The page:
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ANA/BMA16: How GE Has Reinvented Storytelling

CMO Linda Boff Says 'The Stakes Have Changed' for B-to-B Marketers

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Kicking off the ANA/BMA16: Masters of B2B Marketing Conference, GE's CMO Linda Boff said, "The stakes for all of us have changed. Great consumer experiences -- whether on Amazon or Uber -- are setting a different bar for us as b-to-b marketers."

Linda Boff, CMO at GE
Linda Boff, CMO at GE

In her opening keynote presentation Wednesday, Ms. Boff discussed how GE, a 124-year-old industrial manufacturer, has been reinventing itself as a company and also as a storyteller in the digital economy. She shared four best practices for b-to-b marketers.

1. Know your DNA. "Ours is a DNA that started with our founder, Thomas Edison," Ms. Boff said. "GE is about invention and imagination. As a 124-year-old startup, we are always in motion and we are always reinventing. How do we express that in our marketing?"

To tell this story, GE turned to BBDO, its agency partner for 94 years, which created the memorable TV spot "Childlike Imagination," which tells the story of GE's industrial businesses through the eyes of a child.

"We could have created a story that told about how GE has evolved in aviation, rail, healthcare and energy, but instead, we told the story through the imaginative, innovative eyes of a young girl," Ms. Boff said.

2. Find a passion. "Every business, whether it's GE or Dove with a bar of soap, has something they are passionate about. ... If you can be a print company and create that kind of emotion, then every business has the ability to do that," she said referring to an award-winning video called "The Postcard" by Vistaprint that was shown at the opening of the conference.

She said that at GE, the company is "deeply passionate" about science and technology, so it set out to find partners who could help it tell this story. "We try to find people who are just as passionate about science and technology as we are."

One partnership that has worked well for GE is a segment called "Fallonventions" on "The Tonight Show with Jimmy Fallon," featuring innovative inventions by kids.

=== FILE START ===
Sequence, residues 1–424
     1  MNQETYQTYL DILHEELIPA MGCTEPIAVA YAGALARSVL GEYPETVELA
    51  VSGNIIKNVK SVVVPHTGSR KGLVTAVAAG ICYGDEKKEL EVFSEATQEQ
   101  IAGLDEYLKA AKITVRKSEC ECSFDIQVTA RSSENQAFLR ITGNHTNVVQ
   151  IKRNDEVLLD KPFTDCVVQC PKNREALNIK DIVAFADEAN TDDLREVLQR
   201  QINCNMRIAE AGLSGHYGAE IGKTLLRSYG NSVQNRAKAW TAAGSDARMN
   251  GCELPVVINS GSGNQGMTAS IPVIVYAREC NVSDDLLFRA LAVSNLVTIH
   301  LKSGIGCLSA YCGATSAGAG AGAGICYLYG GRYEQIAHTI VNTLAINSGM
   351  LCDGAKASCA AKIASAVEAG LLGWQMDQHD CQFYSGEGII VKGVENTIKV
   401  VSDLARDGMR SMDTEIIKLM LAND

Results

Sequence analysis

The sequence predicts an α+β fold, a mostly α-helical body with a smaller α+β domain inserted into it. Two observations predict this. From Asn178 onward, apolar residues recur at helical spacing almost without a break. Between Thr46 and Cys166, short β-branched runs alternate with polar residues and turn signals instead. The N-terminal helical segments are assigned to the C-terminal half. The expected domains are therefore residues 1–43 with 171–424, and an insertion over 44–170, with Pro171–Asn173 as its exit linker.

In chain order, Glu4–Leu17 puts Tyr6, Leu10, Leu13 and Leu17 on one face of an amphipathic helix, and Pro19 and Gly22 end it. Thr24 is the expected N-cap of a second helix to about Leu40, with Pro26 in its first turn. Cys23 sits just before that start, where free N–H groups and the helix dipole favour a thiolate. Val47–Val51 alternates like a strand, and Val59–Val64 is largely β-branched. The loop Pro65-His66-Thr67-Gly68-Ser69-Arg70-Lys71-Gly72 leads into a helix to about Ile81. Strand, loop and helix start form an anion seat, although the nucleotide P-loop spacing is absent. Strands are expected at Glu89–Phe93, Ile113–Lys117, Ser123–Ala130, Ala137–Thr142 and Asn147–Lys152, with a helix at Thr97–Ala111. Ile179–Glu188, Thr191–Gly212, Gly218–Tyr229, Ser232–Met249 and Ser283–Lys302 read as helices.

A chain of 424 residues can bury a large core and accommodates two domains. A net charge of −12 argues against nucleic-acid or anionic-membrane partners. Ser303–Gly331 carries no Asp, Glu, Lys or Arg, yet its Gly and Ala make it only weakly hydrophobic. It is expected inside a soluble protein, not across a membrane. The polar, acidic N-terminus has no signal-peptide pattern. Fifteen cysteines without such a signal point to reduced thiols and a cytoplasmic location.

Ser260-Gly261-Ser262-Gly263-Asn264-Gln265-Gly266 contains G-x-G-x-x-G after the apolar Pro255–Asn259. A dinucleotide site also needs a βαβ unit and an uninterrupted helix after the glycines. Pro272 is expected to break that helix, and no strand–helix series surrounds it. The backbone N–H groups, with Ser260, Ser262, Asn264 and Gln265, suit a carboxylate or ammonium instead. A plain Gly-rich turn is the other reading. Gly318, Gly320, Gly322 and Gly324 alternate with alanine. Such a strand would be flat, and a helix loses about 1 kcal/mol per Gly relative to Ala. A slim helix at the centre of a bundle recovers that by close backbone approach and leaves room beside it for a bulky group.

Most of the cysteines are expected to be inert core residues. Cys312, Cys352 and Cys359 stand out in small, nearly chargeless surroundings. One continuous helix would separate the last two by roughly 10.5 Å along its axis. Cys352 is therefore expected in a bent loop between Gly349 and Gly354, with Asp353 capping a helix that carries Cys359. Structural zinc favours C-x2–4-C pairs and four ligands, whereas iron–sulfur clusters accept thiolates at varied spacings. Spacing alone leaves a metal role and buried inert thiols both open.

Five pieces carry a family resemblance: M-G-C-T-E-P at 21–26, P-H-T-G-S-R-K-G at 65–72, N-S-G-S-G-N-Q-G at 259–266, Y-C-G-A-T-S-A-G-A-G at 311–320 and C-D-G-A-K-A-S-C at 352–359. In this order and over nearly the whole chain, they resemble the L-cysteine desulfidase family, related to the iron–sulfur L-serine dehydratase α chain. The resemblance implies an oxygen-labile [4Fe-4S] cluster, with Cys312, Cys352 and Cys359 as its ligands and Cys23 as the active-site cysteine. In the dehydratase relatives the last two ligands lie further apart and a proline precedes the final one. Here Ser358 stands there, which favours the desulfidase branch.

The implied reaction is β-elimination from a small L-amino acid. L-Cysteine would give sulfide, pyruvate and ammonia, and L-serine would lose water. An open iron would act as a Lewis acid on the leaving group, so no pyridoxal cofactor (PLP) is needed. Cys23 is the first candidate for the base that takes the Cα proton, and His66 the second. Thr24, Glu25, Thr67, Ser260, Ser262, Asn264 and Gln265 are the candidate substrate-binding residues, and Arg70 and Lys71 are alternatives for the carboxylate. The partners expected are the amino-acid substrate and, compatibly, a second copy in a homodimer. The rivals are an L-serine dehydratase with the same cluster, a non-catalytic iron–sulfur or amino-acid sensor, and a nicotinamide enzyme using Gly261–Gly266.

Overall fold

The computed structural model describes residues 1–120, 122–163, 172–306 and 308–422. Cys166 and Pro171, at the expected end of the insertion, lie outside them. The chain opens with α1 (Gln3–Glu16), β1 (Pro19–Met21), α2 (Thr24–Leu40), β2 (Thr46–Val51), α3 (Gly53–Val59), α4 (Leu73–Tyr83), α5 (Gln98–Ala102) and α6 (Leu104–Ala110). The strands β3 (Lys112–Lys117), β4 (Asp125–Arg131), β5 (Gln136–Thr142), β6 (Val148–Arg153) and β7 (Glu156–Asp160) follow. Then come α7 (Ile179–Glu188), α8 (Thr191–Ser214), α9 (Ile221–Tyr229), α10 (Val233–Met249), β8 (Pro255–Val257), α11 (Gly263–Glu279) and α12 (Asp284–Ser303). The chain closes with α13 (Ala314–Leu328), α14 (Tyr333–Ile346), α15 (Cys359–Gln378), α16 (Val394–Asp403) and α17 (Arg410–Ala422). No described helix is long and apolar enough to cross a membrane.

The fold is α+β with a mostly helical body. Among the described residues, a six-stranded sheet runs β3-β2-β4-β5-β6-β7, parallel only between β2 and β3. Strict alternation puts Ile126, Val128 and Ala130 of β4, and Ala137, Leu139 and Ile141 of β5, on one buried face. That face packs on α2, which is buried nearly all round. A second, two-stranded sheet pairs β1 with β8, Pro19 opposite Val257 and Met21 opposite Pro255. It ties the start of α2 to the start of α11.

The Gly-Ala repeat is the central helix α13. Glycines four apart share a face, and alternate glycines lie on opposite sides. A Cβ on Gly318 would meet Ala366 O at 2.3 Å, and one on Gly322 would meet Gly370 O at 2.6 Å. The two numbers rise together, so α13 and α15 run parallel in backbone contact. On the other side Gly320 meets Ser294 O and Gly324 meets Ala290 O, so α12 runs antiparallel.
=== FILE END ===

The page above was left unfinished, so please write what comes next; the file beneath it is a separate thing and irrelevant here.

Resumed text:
"There's a lot of talk about native content, native advertising, branded content, branded marketing -- I don't like any of those terms," Ms. Boff said. "What we're looking for as storytellers is the best content. The reason this worked is because Jimmy fell in love with this idea. We both have passion about the topic."

3. Know your purpose. Ms. Boff said that the company has moved from one that was heavily invested in financial services to a digital industrial company. "We build things and we connect them. The whole purpose of the company has really pivoted. How do you talk about being a digital industrial company? It does not translate easily."

Ms. Boff shared another campaign called "What's the Matter with Owen?," created by BBDO New York. That campaign shows a young GE programmer trying to tell his friends and family what he does.

"The idea was, we are not the industrial company you think you know. We poked a little bit of fun at ourselves. We did it with humor, and we were a little humble," Ms. Boff said.

She added that while the campaign was not designed specifically as a recruitment campaign, recruiting is up 800% as a result of the campaign.

4. Find the right approach. "This is the secret ingredient," Ms. Boff said. "You can know who you are, you can figure out your passion and your purpose, and you can still screw it up. If you don't get the tone and the approach right, it can fall on its face."

She said that being a 124-year-old company can have benefits, but "we could show up as a conglomerate. We really want to show up as person, not a corporation, on social media and on digital."

GE has been extremely aggressive with its social media and digital strategies -- often being the first brand to try new platforms, such as its foray onto Vine with its "Six-Second Science" video project.

"For every great thing our team has been able to accomplish, we are just as proud of the super-small things as the big, epic moments," Ms. Boff said.